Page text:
Why Tanzania ranks high in HIV/Aids deaths

A person taking a blood test at a roadside AIDS testing table in Langa, a suburb of Cape Town. South Africa has the highest AIDS incidence in the world. Tanzania is not far behind Photo | AFP 

Although Tanzania, like the rest of the world, has made remarkable progress in taming the HIV/Aids pandemic, the country still ranks high globally in the number of deaths caused by the deadly virus. Using 2009 figures, the US Central Intelligence Agency (CIA) ranks it number four in a new report, with an annual estimate of 86,000 deaths, which puts it on top in the East African Community (EAC) in the number of victims dying from the scourge and associated diseases.

According to the current CIA World Factbook, Tanzania is followed by Kenya in the EAC bloc where the estimated deaths are 80,000 and which is ranked number six globally. Uganda with 64,000 deaths and ranked number eight in the world is third followed by Burundi and Rwanda, which are globally ranked number 19 and 43 with the number of deaths put at 15,000 and 4,100, respectively.

The CIA HIV/Aids rankings, which have been faulted by the local authorities as unrealistic, is led by South Africa, Nigeria and India, where the fatality figures are 310,000, 220,000 and 170,000, respectively. Globally, the annual number of people dying from Aids-related causes has been steadily decreasing since 2005 with many deaths largely averted by the introduction of antiretroviral therapy.

The World Health Organisation (WHO) advocates that the number of deaths can be significantly reduced with enough investment in HIV prevention, testing and counselling, treatment and care services.

The organisation says in a new report that countries with the highest fatalities like Tanzania are yet to achieve the universal access to antiretroviral therapy, which is at least 80 per cent of the people eligible for treatment.

“The global incidence of HIV infection has stabilized and begun to decline in many countries with generalised epidemics. The number of people receiving antiretroviral therapy continues to increase, with 6.65 million people getting treatment at the end of 2010,” the UN agency notes in the Global HIV/Aids Response Progress Report 2011.

“Recent published evidence from clinical trials has confirmed the powerful impact antiretroviral drugs have on the epidemic as part of an effective package of options for HIV prevention. Despite these advances, still too many people are acquiring HIV infection, too many people are getting sick and too many people are dying,” it adds.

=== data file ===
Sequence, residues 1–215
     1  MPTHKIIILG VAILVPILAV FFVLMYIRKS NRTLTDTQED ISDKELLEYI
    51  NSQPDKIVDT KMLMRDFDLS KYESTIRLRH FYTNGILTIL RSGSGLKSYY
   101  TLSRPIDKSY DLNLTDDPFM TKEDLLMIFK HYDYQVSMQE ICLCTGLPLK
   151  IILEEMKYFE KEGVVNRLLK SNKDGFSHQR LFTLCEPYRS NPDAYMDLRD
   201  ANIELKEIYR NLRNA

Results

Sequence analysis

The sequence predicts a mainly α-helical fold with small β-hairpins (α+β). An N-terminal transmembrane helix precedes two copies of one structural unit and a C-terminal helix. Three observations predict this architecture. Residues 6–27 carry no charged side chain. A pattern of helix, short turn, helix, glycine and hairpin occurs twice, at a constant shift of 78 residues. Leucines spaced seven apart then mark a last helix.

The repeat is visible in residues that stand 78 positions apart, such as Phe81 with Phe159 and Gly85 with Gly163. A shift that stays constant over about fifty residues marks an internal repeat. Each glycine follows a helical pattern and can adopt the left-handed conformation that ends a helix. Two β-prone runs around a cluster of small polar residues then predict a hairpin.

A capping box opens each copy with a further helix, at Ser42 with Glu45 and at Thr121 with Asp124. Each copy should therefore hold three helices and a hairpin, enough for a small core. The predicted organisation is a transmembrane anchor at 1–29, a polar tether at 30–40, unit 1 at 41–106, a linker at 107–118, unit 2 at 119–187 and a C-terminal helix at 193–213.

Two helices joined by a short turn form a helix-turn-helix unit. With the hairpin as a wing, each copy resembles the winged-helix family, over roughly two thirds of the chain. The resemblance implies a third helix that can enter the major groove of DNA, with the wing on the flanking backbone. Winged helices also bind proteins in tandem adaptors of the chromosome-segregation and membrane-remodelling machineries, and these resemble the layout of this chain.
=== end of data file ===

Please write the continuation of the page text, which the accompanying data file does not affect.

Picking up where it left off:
Anti-retroviral therapy

The WHO statistics show that the reported number of people receiving antiretroviral therapy in Tanzania increased by 29 per cent between 2009 and 2010 from 199,413 to 258,069. There are about 1.4 million people living with HIV/Aids in the country, whose estimated antiretroviral therapy coverage by 2010 was put at 42 per cent compared to 55, 34 and 26 per cent in South Africa, India and Nigeria, respectively.

WHO says that the annual number of people dying from Aids-related causes worldwide is steadily decreasing from a peak of 2.2 million in 2005 to an estimated 1.8 million in 2010. It adds that introducing antiretroviral therapy has averted 2.5 million deaths in low- and middle-income countries globally since 1995.

Commenting on the CIA rankings, government officials dismissed the report as misleading since it did not reflect the current situation on the ground, which they said has improved tremendously.

They however admitted that the country still faces enormous challenges mostly in terms of inadequate health services infrastructure and financial resources to deal with the problem.

Health and Social Welfare minister Hadji Mponda also pointed at a serious shortage of skilled human resources in the health sector and the entire work force in general. He said another major setback in dealing with the pandemic was the prevailing stigma and discrimination against victims, which prevents uptake of available HIV and Aids services.

“Inadequate and unpredictable financial resources to sustain a comprehensive national response that includes HIV prevention, care, treatment and support is still a problem in Tanzania,” he observed.

Dr Mponda said that despite these shortcomings, remarkable success has been attained in the fight against the disease in the country. The major achievements include reduction in HIV prevalence from seven per cent during 2003/4 to around five per cent at the moment.

There has also been expansion of HIV-related services such as counselling and voluntary testing. By December last year, some 15 million people, more than 37 per cent of Tanzania’s population, had already been counselled and voluntarily tested to know their status.

In addition, there are 1,100 health facilities all over the country that are currently providing antiretroviral treatment (ART) services. The government puts the number of people living with HIV/Aids enrolled at health facilities providing HIV care and treatment services at 746,756 with about 52 per cent of them already receiving ART services.

The executive chairwoman of the Tanzania Commission for Aids, Dr Fatma Mrisho, said the level of HIV/Aids awareness reached in Tanzania has significantly reduced the number of death cases. Although she did not give figures, Dr Mrisho said evidence of the steady progress Tanzania has made in fighting the scourge is the drastic reduction in the prevalence rate.

The Tanzania Network of Organisations of People Living with HIV/Aids also attributes the high number of Aids deaths in the country to refusal of some patients to take antiretroviral (ARV) drugs due to various reasons, such as prevalence of fakes, which have adverse side effects.

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